World Rabies Day: Why vaccinating man’s best friend is man’s best hope

A vet from the Indian Army gives a rabies vaccination to a family dog during a veterinarian civil-assistance program. By U.S. Navy photo by Mass Communication Specialist 3rd Class Bryan M. Ilyankoff [Public domain]
Today is World Rabies Day. The goal of this global day is enhanced awareness spurring further efforts to prevent rabies, a viral disease that kills tens of thousands of people each year mainly in Asia and Africa. Two years ago, international organisations – including the World Health Organization and the World Organization for Animal Health – agreed to an ambitious, but achievable common goal: to end human deaths due to canine rabies by 2030. In fact, ‘Rabies: Zero by 30’ is the theme of the 2017 World Rabies Day.

Why today? 28 September 2017 is the 122nd anniversary of Louis Pasteur’s death. It was he who developed the first vaccines for both rabies and anthrax. All mammals can become infected with the rabies virus, and rabies is present on every continent except Antarctica. This can sound overwhelming. However, up to 99% of human rabies cases result from human dog bites. So what can be done to keep ‘man’s best friend’ from transmitting this fatal virus? Vaccination!

In terms of direct protection, there are safe and effective pre- and post-exposure vaccines available for humans. However, vaccinating dogs is the most cost-effective strategy for protecting people from rabies. International guidelines make clear that mass vaccination campaigns should vaccinate at least 70% of the dog population to stop both dog-to-human and dog-to-dog transmission of the virus. However, for some groups of animals 100% vaccination is required, for example, all pet dogs, cats and ferrets travelling into the UK.

Professor Christl Donelly (centre) with colleagues, Dr Tini Garske (left) and Dr Pierre Nouvellet (right)

Pierre Nouvellet and I have worked with colleagues on rabies in both African domestic dog populations and Italian fox populations. Happily, the rabies vaccine works in foxes as well as dogs, although the way vaccines are delivered is different. Fox vaccination is typically delivered orally through fox-tempting baits in which the vaccine is hidden within a tasty snack!

Achieving 70% vaccination in domestic dog populations isn’t always easy. Funded by the Wellcome Trust, Sreejith Radhakrishnan is about to start a PhD programme with me and Pierre Nouvellet. He will examine the feasibility of achieving the 70% vaccination target in dog populations in India. There is currently very little information on dog populations in India and what proportion are truly free-ranging. Sree will study dog ownership patterns in two study sites in Kerala, India. He will then undertake dog vaccination campaigns and estimate what proportion of the dog population was vaccinated at each site.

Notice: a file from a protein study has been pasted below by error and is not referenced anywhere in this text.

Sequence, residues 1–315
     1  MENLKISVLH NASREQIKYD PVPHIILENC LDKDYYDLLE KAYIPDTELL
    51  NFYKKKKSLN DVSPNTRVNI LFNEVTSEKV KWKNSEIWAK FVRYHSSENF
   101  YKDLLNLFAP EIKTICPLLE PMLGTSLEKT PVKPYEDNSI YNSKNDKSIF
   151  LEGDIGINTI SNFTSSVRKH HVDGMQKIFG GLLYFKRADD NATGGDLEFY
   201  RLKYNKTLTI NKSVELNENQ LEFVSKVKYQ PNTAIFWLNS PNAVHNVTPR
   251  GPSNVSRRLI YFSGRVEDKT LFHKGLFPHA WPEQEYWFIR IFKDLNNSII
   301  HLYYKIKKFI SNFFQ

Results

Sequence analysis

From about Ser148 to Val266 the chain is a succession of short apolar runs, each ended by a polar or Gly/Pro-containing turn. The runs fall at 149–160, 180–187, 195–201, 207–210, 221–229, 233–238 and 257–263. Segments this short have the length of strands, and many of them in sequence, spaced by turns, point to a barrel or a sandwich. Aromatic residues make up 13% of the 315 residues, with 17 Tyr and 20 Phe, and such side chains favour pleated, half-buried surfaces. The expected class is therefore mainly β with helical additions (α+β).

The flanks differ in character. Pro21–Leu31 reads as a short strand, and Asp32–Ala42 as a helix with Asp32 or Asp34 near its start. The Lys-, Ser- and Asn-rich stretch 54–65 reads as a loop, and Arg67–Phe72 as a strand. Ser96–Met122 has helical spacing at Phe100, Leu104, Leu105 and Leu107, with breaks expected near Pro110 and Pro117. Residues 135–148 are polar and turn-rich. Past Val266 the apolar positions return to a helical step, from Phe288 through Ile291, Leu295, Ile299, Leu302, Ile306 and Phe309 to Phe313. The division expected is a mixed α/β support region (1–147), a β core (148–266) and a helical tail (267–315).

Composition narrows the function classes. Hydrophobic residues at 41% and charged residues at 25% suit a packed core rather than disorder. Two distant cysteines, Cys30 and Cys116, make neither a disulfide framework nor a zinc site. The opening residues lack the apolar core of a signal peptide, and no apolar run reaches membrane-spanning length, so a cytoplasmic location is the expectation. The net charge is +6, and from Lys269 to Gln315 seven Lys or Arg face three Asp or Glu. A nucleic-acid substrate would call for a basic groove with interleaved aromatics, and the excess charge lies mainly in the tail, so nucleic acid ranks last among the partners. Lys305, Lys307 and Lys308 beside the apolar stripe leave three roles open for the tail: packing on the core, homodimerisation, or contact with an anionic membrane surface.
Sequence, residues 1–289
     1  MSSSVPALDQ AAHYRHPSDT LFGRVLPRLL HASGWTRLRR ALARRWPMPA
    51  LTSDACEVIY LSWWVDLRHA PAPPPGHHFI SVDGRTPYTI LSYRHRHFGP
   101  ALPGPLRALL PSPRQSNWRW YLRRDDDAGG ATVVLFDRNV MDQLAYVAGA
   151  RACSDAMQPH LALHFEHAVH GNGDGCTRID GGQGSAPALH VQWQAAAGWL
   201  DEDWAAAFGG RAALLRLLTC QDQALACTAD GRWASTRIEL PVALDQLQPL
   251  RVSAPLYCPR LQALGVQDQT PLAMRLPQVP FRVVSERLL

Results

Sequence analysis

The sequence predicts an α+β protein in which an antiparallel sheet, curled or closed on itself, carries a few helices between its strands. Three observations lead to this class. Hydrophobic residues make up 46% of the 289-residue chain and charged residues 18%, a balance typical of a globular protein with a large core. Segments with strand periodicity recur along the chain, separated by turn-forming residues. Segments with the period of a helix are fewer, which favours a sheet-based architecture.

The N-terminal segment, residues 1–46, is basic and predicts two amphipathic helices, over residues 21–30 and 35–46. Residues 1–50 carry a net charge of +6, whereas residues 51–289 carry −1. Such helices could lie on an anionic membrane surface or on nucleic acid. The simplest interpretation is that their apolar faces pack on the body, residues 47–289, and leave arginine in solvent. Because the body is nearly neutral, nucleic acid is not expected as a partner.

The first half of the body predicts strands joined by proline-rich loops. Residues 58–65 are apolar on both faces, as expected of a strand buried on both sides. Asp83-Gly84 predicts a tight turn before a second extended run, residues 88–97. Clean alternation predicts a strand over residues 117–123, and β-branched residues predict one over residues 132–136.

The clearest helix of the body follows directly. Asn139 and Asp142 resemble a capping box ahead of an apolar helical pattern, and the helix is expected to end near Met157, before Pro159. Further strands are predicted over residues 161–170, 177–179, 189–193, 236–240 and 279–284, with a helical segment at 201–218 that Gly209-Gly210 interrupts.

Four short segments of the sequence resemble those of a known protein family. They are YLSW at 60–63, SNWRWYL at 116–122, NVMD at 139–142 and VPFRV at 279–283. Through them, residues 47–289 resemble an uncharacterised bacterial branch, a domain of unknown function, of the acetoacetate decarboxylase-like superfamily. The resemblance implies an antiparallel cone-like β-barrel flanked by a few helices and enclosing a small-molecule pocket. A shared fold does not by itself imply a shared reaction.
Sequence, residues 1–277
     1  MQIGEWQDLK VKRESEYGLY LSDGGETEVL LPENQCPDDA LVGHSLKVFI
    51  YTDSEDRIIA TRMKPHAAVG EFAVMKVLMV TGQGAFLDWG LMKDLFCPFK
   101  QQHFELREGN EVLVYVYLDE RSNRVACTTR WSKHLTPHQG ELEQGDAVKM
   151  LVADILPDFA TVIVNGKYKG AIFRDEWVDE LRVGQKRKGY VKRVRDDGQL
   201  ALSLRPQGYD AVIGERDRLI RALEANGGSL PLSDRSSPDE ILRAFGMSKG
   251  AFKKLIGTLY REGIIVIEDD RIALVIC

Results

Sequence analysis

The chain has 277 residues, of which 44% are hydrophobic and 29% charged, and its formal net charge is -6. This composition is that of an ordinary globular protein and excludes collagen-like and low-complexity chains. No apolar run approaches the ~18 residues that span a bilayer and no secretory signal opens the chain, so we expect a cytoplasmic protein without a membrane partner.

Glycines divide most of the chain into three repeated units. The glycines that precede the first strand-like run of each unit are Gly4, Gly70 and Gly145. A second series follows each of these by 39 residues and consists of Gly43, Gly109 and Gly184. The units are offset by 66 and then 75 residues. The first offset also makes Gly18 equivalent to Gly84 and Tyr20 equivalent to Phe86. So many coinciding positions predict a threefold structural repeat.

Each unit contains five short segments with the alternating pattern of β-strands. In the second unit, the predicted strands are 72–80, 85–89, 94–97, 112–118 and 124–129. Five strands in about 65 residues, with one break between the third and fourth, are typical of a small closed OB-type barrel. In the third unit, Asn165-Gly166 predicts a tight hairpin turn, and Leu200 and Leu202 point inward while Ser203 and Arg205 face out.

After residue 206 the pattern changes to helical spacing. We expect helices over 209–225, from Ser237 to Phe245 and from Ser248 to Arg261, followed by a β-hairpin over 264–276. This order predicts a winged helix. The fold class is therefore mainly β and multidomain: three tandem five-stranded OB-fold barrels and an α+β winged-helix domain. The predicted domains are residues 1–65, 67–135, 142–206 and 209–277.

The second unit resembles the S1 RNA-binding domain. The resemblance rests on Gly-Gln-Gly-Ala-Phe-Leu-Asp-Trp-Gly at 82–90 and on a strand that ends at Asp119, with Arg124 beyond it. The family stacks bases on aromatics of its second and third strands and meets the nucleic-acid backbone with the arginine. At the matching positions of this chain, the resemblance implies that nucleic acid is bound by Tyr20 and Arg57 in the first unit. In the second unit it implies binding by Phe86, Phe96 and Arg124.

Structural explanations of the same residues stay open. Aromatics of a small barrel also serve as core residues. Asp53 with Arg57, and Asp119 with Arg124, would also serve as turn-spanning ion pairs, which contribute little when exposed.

Vaccinating dogs is straightforward for those accompanied by their owners who can restrain them during vaccination, avoiding the need for sedation. However free-ranging/stray dogs have to be captured (either using box-traps or with the help of trained dog-catchers) to allow vaccination to be undertaken safely.

Sree is a veterinary surgeon and has worked in the Department of Animal Husbandry and the Department of Forests and Wildlife in Kerala. Furthermore, he has just finished his one-year MRes in Biomedical Research degree in the Epidemiology, Evolution and Control of Infectious Diseases stream here at Imperial. Thus, he is perfectly placed to undertake this work.

African wild dog (Lycaon pictus). CC0 1.0 Universal by Mathias Appel

Canine rabies spreads to wildlife as well as to humans. Rabies has been seen to devastate populations of endangered species such as Ethiopian wolves and African wild dogs (Lycaon pictus). Sarah Hayes is also about to start PhD studies with me and Pierre Nouvellet studying rabies from a multi-species perspective. She has just finished her one-year MSc in Epidemiology here at Imperial and is funded by the Engineering and Physical Sciences Research Council (EPSRC) to study settings in which rabies transmits between multiple species, including Tanzania, Kenya and India.

‘One health’ is a concept grounded in the interconnections between human and animal health, encouraging collaborations between a range of medical, veterinary and scientific professionals. Rabies control definitely benefits from a joined-up One Health approach, with dog vaccination benefiting public health, livestock and wildlife. Let’s all work together to make ‘Zero by 30’ a reality!

Christl Donnelly is Professor of Statistical Epidemiology within the Department of Infectious Disease Epidemiology at Imperial College’s School of Public Health. Christl’s work brings together and develops statistical and biomathematical methods to analyse epidemiological patterns of infectious diseases, including Zika virus, Ebola, bovine TB and rabies. Christl also leads the Outbreaks Module on the MSc in Epidemiology. She is a Fellow of the Royal Society, a Fellow of the Academy of Medical Sciences and an Honorary Fellow of the Zoological Society of London.

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